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Tory conference: how funding questions cloud localism's sunny uplands

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A guest briefing analysing the Conservative conference from Jonathan Werran, chief executive of Localis.

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Birmingham is in its party conference lockdown. It seems like Conservative party central in the confines of the crowded and bibulous corridors of the Hyatt Regency. But outside the International Conference Centre, regulars judge it’s not quite business as usual. More anxiety and gloaming than fear and loathing in Birmingham this year.

This is of course a conference mired in the convulsions of Brexit, in whatever shape of form it finally, lands – but which the party grassroots are firmly enamoured of. There’s also the by now traditional beauty parade and jostling for position in the race to succeed the prime minister.

Local government rarely dominates as a sector or an issue at conference. Aside from housebuilding announcements, the policy scope is generally too broad to stick by itself onto the media grid. George Osborne’s bombshell business rates announcement of 2015 was the exception that proved why this should be a rule. How’s that devolution revolution working for you, local government family?

But Brexit rightly dominates the thinking of Conservative councillors. The thinking being that it would be plainly ridiculous to abandon the embrace of the Brussels super-state only to allow power to revert the still quasi-imperial ambitions of Whitehall, and for dreams to founder at the dead hand of the Treasury.

There’s clearly a localist battle for radical reform to be fought and won as a direct response to Brexit. The question is how and on what terms in the aftermath of next March. Two fringe events Localis ran today brought some interesting noises off – sounds which in an ideal world would have gained some sort of listening at the conference plenaries.

Conservative ideas man George Freeman MP told our packed session organised for the Core Cities group that the promise made to those who voted for Brexit would be broken were Whitehall’s command and control mentality and stifling of devolution (both fiscal and economic) allowed to prevail. He argued that Brexit, the underlying causes and the process suggests the need for a reorganisation of Whitehall to put people and place at the forefront of public policy-making.

Whether his brave idea of reducing Whitehall to six departments armed with place-based directorates – a nice homage to the Local Government Association’s Rewiring Public Services agenda – would survive contact with reality is moot. But there’s certainly no space for a rapid modernisation of local public services on the traditional Whitehall model of command and control.

Given the political arithmetic of a government with no working majority and a system clogged with next March’s departure day, radical localism would require cross-party political leadership to overpower Whitehall’s strong and instinctive attachment to its own machinery.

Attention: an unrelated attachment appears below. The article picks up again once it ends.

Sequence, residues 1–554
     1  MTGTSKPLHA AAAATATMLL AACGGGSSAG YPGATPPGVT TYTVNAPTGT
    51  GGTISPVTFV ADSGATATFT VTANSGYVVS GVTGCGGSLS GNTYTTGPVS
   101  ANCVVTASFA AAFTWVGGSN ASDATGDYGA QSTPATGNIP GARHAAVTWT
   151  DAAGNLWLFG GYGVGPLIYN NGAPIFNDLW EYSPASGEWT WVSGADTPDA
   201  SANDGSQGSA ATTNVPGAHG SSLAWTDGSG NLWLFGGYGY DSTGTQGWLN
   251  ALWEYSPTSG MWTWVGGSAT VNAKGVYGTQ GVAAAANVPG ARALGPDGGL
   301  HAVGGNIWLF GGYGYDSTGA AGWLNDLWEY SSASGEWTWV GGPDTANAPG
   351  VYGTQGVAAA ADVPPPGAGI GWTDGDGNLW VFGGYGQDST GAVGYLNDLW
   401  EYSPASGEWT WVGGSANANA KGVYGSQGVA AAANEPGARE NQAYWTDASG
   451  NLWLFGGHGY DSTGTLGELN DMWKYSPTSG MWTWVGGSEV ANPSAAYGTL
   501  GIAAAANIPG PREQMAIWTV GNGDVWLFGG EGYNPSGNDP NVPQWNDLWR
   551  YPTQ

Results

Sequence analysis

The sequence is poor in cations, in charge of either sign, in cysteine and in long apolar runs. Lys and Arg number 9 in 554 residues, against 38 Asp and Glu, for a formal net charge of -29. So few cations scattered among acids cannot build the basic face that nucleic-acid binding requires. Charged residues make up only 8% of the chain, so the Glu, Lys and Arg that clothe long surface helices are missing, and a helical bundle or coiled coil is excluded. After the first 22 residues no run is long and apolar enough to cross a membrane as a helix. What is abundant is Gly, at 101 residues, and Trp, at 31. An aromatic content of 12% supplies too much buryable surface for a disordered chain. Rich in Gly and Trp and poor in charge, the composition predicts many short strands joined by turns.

Bristol City Council mayor Marvin Rees (Lab – yes, politicians have been making their way onto the fringe programme of rival parties’ conferences in recent years) argued that the “bid and beg model” of central/local relations would have to end. Urging a need to think in terms of “spheres of government” rather than “tiers of government”, Mr Rees claimed the assembling of the Core Cities with the M8 group of combined authority mayors would give a voice to a localist cry that an inwardly-focused Whitehall needs to listen to.

If Brexit is the wrong answer to the right question, the case for looking outwards at the level of place, in an age of ever rapid globalisation must factor in the bigger national and international context. Especially when dealing with ‘glocal’ issues of migration, security, public health, climate change and environment.

But as ever, the funding of local public services overshadows attempts to reach the bright sunny uplands of local empowerment.

Kent CC leader Paul Carter (Con) remarked that local government was feeling unloved as a sector. The review of local enterprise partnerships displayed an insulting lack of trust, one already mirrored by suspicions on local government’s ability to run its finances by a micro-managing Exchequer.

For LGA deputy chairman and Hillingdon LBC deputy, David Simmonds (Con), reform of local government finance remains more of a political than a technical challenge – for which fiscal devolution must be the answer.

We might hope to see more answers to the fixing of local government finances in the Halloween Budget set for 29 October or the spring spending review – by which time there could be more space and time for a structured and measured response to the by now more than well-rehearsed needs.

And the hope has to be that that the light at the end of the tunnel is a proper acknowledgment of needs – and not the HS2 high speed train with its possible £100bn price tag heading north towards Birmingham.

Jonathan Werran is chief executive for Localis –

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